Evidence Of Native American King's House Last Seen By Spanish Conquistadors Found In Florida


The house was, by all means, an incredible construction, big enough to hold at least 2,000 people. Thompson et al. 2018

When the Spanish rounded the Florida Keys in the 16th century, they found a complex indigenous society based around chiefdoms and tributes. The European explorers greeted the King of the Calusa people at his magnificent house constructed atop an artificial island off the Floridian coast.

Now, archaeologists think they have rediscovered this house – until now only known from the Spanish texts – and it seems it was incredibly impressive. The remains of the house now reside on the island known as Mound Key, and excavations show it would have been an incredible structure sitting atop 150 posts on the island's highest peak, and big enough to house 2,000 people. The paper describing the find has been published in the Journal of Anthropological Archaeology.


The Calusa have long fascinated archaeologists because they were the only society in the New World not based on agriculture. Normally, complex societies need farming to produce enough surplus food to support large numbers of people, allowing some to then diversify what they do for a living.

The excavations revealed not only the size and location of the house, but also fishing tools, Spanish artifacts, and carvings. Victor Thompson

But the Calusa managed to create a society based primarily on fishing, exploiting the rich waters surrounding the southern portion of Florida and its Keys. They feasted on sharks, turtles, fish, and oysters, while catching deer and birds inland. This was supplemented with foraged wild plants, although many also kept small forest gardens in which they grew chili peppers, squash, papaya, and gourds.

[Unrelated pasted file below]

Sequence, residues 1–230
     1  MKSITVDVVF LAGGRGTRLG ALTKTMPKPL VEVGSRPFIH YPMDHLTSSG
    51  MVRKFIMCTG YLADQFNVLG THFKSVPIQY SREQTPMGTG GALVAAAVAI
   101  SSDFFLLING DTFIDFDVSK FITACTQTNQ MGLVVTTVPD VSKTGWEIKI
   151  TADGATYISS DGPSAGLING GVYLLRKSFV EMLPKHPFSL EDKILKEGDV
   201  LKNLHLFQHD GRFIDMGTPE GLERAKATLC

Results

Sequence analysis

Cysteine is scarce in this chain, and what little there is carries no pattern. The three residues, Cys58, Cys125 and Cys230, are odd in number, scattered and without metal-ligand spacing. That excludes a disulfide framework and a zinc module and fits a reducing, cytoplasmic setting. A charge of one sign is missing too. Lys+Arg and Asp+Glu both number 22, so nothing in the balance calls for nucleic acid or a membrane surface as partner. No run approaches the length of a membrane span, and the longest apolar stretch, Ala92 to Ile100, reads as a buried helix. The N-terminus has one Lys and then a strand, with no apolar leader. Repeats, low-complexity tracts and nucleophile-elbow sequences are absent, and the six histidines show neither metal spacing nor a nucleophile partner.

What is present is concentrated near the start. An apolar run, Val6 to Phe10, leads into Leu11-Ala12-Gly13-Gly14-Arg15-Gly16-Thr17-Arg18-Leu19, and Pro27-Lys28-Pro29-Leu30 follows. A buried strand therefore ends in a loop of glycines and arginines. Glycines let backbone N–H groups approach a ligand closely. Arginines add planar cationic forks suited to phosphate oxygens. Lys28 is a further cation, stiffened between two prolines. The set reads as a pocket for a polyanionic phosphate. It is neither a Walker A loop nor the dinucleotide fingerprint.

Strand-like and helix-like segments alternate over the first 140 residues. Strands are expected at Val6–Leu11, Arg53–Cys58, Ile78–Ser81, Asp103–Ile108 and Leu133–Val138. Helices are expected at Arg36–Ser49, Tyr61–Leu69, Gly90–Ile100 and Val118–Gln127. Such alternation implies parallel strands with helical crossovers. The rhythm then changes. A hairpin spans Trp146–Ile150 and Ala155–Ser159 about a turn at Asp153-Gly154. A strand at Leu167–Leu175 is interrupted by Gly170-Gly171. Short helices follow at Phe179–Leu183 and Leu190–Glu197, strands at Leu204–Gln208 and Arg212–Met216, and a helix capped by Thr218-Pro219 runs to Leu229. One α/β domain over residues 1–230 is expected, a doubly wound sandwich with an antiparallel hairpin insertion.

The house sat atop 'Mound 1', looking down over the artificial canal. Thompson et al. 2018


Yet despite this, the Calusa developed an exceedingly complex society, with King Caalus presiding over a population of roughly 20,000 people, each of whom would pay him tribute in the form of food, gold, animal hides, feathers, and even captives from Spanish shipwrecks. There were dedicated priests, a military, and a network of canals along which the people would travel and trade.  


In fact, so successful were the Calusa that they resisted conquest by the Spanish, fighting them back and remaining free long after many other groups fell. In the end, it was not colonization that led to their demise, but the diseases brought over from Europe. All of this was an astonishing achievement for a society that was not based on agriculture.    

Archaeologists have now rediscovered the house of King Caalus, described in detail by the Spanish in 1566, on the island of Mound Key and suspect that this likely formed the capital of the Calusa. It rose above a town of around 4,000 people, and now excavations can confirm its exact location and size.

A carved bone found at the site of the house. Amanda Roberts Thompson

The huge building, slightly oval in shape, was almost 24 meters (80 feet) long and 20 meters (65 feet) wide and constructed from pine trees likely transported from the mainland. The construction is impressive for any society and would have taken a considerable amount of labor and resources to build. Dating suggests it was first built in 1000 CE, and then used continuously for at least 500 years.

The find cements the extraordinary nature of the Calusa culture, helping researchers to further understand just how this incredible society rose and flourished for hundreds of years. 

A limestone plummet and shell net weight, both of which would have been used in fishing. Amanda Roberts Thompson

[H/T: National Geographic]


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